With an ever increasing number of students applying for medical school, it is getting harder and harder for universities to differentiate between students on just grades and academic references.
Enter the importance of the personal statement. This can really be the difference between an “accept” or a “reject” at your favorite school.
The personal statement is your opportunity to show the admissions department that you are the student that they should extend an offer to. It shouldn’t be something that is just rushed last minute, I’m looking at you procrastinators.
Because of the importance of the personal statement, I will go through a few things that you should include in it, as well as some do’s and don’ts.
Start with Academics
Once you get your introduction paragraph out of the way, it is time to dig into the nitty gritty. Because your personal statement is first and foremost an application to study, you will want to dedicate most of it to your academic motivation and interests. Here are a few questions that you will want to ask yourself before outlining how you will approach this section:
- What research have you done in your subject that will prepare you for what the course will involve? (It isn’t necessarily essential that you have studied the course material in school before, but it is essential that if you haven’t studied it, you put in the research necessary to write about it in an educated way. Think reading articles, attending lectures, watching presentations or videos online, etc.)
- Is there something that you found in your research that you can highlight that shows you have a genuine interest in the subject?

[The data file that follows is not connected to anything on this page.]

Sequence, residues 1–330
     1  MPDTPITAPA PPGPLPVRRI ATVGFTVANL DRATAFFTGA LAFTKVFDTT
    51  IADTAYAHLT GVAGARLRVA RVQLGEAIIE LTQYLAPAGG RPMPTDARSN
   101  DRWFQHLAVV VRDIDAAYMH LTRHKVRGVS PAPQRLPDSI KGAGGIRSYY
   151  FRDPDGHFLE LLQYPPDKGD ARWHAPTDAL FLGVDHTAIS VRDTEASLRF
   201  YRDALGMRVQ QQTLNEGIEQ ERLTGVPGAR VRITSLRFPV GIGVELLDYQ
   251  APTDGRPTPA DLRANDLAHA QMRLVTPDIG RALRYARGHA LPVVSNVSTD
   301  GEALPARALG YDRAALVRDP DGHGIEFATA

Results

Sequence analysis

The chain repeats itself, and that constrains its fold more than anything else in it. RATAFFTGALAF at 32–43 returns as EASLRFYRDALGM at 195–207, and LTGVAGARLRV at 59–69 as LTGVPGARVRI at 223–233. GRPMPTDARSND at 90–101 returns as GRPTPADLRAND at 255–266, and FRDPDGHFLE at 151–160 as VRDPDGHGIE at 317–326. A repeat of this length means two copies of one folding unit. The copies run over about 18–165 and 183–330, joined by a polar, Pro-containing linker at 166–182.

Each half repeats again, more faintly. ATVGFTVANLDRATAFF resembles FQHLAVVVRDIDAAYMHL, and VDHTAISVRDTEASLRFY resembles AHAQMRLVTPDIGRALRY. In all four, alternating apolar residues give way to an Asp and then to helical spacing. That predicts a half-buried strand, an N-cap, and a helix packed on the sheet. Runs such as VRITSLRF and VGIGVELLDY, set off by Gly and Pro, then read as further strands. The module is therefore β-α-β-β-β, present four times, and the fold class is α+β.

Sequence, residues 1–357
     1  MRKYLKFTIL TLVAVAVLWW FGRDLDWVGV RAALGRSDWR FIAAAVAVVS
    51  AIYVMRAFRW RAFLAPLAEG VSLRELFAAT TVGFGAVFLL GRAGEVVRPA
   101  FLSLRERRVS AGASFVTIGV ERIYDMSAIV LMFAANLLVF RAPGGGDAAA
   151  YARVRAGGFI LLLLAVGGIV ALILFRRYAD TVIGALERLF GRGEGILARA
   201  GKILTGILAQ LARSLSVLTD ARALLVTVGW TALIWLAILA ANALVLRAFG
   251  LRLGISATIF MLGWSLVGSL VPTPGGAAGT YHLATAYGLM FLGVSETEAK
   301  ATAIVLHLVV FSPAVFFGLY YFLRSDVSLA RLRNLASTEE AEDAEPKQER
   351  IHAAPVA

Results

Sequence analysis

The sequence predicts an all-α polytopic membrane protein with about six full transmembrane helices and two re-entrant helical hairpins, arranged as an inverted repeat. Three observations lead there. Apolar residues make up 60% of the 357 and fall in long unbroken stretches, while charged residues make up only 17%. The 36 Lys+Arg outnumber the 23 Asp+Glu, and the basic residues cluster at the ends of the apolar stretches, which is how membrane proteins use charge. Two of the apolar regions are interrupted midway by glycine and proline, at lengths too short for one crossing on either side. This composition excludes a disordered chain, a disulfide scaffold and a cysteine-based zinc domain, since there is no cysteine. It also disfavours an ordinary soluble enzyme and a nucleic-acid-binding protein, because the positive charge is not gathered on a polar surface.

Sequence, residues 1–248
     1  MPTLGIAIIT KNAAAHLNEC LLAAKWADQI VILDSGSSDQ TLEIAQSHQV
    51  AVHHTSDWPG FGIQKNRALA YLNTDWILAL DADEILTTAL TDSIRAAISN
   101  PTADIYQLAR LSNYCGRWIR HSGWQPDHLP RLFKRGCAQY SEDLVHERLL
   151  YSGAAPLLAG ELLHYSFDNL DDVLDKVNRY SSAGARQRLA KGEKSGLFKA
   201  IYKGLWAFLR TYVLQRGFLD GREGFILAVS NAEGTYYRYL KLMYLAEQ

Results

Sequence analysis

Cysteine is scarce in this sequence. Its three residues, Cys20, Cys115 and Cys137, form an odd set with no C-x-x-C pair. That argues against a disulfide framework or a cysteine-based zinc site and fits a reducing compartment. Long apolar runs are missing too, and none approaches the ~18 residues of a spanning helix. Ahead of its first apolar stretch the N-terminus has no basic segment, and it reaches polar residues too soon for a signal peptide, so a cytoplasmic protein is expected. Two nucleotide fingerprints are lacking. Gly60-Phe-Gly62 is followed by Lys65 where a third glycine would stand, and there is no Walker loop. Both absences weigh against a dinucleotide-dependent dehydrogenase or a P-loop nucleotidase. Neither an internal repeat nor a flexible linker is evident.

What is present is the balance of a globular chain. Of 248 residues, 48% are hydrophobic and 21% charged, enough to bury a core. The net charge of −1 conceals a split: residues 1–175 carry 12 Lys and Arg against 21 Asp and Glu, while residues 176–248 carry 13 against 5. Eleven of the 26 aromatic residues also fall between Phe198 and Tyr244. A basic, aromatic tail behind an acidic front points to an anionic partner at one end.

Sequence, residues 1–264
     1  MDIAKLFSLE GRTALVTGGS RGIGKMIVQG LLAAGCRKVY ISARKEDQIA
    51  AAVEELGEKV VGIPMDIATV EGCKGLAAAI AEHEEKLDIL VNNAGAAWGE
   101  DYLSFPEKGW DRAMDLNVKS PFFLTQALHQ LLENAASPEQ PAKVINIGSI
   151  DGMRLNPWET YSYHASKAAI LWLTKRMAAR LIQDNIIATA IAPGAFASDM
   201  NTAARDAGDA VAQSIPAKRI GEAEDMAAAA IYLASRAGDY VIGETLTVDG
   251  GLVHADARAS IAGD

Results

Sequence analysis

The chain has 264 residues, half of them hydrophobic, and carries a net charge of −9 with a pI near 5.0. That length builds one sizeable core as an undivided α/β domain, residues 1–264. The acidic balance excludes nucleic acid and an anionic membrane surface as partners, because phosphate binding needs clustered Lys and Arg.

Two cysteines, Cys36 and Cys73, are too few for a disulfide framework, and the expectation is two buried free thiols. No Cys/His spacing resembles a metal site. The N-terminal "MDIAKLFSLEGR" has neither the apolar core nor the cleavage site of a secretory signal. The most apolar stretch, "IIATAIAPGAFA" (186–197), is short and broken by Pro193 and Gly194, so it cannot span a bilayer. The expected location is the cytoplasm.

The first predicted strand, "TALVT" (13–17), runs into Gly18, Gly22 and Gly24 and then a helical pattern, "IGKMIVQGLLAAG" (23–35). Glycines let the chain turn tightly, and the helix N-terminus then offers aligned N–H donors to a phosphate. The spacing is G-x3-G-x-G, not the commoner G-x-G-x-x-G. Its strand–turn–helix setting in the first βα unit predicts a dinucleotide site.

- Why is it important to you to study this topic? Is there anything personally that has personally affected you that is making you try to get into this field?
- What study skills have you adopted in your previous studies that will help you as you continue your studies in medical school?
Now that you have spent about 2/3 of your personal statement talking about your academic achievements, it is time to shift focus to your career interests.
Make sure not to focus on what you did leading up to this point. Don’t talk about who you shadowed or where you worked at. Instead, talk about what you learned while shadowing or where you worked that will help you as you continue your studies.
Don’t worry about not being able to pinpoint exactly where you want your career to be at this point, this is not a job interview, it is an application. The time to worry about that will come a few years down the line.
As you wrap up your main portion of you personal statement, you will want to touch on what makes you such a well-rounded applicant. This is where you can talk about what experiences you have had so far that have turned you into the person that you are today. Here are a few examples:
- Part-Time Work – Like I talked about in the career section, you will want to focus on what transferable skills you learned from work, not so much where you worked.
- Awards and Achievements
Do’s and Don’ts
- This is a first impression, don’t forget that. Be original and be yourself.
- Be positive. Even if it feels awkward selling yourself, you need to in this instance.
- Know that it will take several drafts before you feel ready. Proofread it, have others proofread it, take your time and know that it won’t be perfect first draft.
- Try to force humor into your statement. Humor is risky, only use it if you are certain it flows nicely.
- Use quotes. This tactic has been overplayed.
- Copy someone else’s work. Universities will use software to make sure no one is plagiarizing material.
Take a look at a few examples of personal statements here.
Image taken from CollegeDegrees360 on Flickr.